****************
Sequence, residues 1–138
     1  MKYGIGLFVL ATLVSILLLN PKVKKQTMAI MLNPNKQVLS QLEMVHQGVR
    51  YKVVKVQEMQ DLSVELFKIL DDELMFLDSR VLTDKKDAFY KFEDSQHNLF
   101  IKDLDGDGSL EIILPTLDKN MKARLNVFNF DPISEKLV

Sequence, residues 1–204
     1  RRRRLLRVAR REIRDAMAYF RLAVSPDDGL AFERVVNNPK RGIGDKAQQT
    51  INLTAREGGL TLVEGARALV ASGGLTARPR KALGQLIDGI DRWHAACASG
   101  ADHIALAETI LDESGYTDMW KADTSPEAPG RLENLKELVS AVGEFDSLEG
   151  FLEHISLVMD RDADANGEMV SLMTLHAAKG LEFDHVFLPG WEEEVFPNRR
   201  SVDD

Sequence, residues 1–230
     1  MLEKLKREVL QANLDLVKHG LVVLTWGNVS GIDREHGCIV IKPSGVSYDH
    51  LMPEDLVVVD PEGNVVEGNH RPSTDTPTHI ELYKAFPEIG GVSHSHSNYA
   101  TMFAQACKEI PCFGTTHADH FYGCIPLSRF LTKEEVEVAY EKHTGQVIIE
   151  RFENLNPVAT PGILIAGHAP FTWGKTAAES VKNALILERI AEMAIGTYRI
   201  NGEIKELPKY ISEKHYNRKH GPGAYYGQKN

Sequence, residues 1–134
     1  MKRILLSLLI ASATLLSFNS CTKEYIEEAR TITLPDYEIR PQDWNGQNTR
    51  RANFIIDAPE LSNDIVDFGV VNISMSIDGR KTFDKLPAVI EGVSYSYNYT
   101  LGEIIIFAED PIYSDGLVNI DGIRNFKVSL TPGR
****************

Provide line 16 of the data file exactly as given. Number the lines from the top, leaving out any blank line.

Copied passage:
   201  NGEIKELPKY ISEKHYNRKH GPGAYYGQKN